You don't have to use Python (and maybe shouldn't, depending on your application), but you do have to use an operating system.

Vinuthan

The IDE is asked was like there are IDEs for microcontrollers like KEIL and more, So i asked are there any IDEs for ARMv7 processors for programming and compiliation.

The kernel is required to initialize and communicate with all the peripherials on the board.
I just need to interface the GPIOs as they are directly connected to the chip. I know this may not serve that much as i may not make complete use of my board, and also can achieve the objective using a simple microcontroller.
But i wanted to try it out on this board.

jwischka

Quote from: Vinuthan on March 12, 2013, 12:36:09 pm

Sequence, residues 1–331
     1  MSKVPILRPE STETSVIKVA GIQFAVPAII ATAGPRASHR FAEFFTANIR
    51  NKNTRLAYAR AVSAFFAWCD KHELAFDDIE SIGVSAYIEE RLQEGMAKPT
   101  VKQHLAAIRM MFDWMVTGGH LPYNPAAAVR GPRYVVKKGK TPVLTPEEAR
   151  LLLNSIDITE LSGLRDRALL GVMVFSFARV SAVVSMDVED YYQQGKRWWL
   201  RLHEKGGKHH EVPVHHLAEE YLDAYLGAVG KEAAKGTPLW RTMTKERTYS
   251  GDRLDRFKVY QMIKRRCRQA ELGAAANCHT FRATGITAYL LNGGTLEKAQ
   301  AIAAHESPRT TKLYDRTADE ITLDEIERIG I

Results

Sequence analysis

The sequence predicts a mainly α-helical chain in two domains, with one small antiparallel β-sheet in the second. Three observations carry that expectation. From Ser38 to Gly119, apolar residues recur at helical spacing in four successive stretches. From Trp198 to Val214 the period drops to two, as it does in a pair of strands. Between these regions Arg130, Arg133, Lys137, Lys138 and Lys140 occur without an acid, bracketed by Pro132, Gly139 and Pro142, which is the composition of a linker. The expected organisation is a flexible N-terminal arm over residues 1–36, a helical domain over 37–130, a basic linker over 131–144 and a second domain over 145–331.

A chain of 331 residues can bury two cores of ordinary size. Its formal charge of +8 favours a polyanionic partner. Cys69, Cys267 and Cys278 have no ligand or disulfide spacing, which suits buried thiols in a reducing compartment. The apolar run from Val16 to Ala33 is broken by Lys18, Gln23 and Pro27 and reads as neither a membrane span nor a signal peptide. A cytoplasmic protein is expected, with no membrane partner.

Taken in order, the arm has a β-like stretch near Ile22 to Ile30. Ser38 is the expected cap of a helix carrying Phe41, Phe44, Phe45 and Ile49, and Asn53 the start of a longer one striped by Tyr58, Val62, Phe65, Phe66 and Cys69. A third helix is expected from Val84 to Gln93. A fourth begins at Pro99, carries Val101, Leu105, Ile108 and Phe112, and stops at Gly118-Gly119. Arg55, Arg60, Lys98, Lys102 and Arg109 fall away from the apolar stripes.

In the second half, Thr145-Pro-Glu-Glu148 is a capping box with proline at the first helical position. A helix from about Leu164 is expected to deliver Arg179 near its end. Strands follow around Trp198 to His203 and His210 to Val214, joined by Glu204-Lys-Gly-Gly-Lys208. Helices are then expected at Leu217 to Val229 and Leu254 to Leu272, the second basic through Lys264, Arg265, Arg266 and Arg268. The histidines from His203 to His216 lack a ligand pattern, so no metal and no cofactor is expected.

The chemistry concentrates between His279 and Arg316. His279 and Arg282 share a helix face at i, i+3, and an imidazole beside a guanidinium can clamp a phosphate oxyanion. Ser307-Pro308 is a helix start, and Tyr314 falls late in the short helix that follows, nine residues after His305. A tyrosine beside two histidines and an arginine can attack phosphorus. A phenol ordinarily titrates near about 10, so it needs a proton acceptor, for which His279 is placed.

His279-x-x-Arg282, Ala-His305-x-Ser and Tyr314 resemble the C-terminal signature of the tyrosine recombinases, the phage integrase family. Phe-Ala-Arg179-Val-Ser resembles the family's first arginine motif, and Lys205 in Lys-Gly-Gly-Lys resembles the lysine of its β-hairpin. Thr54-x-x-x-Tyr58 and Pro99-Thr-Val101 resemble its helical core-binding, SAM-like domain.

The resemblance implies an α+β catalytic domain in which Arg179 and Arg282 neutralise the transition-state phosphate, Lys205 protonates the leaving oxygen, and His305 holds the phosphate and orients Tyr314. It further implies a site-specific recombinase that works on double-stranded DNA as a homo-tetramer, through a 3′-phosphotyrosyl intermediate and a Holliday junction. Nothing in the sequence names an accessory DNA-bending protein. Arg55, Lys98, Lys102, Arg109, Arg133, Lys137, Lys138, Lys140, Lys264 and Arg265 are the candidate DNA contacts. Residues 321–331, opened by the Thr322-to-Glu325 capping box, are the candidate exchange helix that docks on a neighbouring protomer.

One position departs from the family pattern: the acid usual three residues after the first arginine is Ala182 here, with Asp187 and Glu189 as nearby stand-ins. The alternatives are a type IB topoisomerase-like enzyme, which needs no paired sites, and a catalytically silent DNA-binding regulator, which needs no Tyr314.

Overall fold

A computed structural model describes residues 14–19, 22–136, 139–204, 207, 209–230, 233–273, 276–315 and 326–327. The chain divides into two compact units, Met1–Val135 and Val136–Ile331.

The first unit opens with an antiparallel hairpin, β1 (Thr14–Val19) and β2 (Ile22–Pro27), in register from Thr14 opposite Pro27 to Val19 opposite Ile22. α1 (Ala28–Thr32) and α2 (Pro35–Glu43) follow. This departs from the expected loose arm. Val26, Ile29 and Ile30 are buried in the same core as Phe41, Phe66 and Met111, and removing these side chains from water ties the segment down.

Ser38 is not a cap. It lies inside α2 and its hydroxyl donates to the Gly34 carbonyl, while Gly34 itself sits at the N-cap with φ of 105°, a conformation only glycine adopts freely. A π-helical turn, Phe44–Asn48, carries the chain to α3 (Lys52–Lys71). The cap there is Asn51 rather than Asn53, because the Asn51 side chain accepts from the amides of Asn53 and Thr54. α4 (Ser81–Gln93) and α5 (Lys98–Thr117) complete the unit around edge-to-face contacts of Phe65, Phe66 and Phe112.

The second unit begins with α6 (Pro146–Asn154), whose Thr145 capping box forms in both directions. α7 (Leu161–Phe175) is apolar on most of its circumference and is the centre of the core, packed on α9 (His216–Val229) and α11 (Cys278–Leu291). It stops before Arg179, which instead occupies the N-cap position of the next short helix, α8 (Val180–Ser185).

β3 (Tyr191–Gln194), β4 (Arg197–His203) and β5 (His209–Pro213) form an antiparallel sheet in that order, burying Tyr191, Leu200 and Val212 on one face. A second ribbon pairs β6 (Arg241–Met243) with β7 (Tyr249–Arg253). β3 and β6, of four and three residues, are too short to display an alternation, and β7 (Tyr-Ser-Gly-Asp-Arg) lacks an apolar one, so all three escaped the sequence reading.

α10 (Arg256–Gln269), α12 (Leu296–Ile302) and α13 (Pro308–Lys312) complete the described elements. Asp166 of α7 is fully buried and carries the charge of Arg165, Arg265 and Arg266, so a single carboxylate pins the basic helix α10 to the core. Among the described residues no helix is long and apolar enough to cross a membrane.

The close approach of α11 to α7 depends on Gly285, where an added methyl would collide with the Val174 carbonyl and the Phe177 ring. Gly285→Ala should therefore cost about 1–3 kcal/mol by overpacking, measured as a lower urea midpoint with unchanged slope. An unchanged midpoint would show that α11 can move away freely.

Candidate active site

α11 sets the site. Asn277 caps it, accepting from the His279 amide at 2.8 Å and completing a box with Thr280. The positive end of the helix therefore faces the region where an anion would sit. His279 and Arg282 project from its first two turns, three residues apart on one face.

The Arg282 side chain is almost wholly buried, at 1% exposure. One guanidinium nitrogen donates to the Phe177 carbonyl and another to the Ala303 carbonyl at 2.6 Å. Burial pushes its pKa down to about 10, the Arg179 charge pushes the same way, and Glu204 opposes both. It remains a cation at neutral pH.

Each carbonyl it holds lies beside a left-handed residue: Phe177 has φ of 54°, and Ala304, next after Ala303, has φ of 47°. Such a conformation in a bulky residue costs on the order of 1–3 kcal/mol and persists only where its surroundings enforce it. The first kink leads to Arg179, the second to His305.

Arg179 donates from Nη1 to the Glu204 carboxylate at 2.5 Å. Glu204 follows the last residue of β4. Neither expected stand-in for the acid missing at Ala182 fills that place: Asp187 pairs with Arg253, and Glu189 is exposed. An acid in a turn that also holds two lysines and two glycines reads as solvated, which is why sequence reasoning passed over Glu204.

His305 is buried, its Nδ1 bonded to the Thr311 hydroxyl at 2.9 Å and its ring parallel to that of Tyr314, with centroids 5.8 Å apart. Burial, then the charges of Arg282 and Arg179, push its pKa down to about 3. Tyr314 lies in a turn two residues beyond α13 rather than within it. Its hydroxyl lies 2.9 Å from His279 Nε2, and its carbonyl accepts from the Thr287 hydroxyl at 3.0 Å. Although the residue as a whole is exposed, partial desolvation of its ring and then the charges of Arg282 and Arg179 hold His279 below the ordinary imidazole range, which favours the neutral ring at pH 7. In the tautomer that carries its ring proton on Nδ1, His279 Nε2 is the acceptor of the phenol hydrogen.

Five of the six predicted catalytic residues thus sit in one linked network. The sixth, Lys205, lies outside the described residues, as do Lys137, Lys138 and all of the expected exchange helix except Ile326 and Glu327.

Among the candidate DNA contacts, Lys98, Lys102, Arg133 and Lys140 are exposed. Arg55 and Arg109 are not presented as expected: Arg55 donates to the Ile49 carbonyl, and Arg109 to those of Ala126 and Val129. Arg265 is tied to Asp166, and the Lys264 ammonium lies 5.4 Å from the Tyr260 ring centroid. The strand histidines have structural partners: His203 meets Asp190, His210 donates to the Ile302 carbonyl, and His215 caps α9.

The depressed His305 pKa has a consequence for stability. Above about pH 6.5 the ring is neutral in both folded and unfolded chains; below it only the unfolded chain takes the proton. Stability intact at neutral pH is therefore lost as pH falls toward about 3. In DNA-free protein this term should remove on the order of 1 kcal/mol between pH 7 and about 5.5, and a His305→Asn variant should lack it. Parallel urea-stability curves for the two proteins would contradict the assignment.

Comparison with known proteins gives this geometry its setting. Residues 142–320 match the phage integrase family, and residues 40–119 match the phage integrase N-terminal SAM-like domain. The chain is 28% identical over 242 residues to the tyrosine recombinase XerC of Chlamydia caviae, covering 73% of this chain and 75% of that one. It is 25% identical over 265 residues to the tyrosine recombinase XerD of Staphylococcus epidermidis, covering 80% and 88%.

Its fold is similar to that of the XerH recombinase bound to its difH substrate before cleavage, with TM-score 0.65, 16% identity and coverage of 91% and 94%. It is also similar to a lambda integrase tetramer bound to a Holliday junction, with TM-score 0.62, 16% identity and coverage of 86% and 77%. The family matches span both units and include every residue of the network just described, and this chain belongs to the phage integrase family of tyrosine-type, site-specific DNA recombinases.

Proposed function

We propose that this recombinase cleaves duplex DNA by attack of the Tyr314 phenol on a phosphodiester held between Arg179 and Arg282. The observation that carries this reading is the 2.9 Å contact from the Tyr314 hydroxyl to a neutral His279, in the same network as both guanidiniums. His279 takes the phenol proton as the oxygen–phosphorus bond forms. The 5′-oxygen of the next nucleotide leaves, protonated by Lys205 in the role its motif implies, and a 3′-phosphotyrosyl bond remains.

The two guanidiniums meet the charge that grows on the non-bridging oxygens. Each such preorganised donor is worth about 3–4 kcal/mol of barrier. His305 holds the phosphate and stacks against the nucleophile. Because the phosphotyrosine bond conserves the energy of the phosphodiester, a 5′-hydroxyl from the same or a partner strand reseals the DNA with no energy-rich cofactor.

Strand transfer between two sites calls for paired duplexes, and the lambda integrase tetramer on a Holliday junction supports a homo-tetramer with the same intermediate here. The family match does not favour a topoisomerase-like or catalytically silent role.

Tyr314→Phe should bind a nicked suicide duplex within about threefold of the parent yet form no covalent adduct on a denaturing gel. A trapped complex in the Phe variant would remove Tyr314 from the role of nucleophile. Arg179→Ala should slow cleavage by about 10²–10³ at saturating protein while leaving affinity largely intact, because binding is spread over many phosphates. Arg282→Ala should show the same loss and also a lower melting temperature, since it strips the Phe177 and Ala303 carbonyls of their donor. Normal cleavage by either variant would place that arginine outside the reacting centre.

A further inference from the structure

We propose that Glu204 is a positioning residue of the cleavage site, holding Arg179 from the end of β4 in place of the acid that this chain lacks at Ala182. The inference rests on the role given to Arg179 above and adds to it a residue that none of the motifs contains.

The IDE is asked was like there are IDEs for microcontrollers like KEIL and more, So i asked are there any IDEs for ARMv7 processors for programming and compiliation.

The kernel is required to initialize and communicate with all the peripherials on the board.
I just need to interface the GPIOs as they are directly connected to the chip. I know this may not serve that much as i may not make complete use of my board, and also can achieve the objective using a simple microcontroller.
But i wanted to try it out on this board.


Again, I think you are misunderstanding how ARM7 processors, and ARM7 SOCs in particular work. But the answer to your question is no, nothing like that for this board, or for ARM7 boards in general. The GPIOs are not connected to the chip, they are a part of the chip itself.

JohnS

With "some" effort I expect Eclipse+gdb+OpenOCD with JTAG would work.

If the above isn't immediately obvious, I suggest to change "some" into "a lot of learning and then some".

John

olimex

is it possible?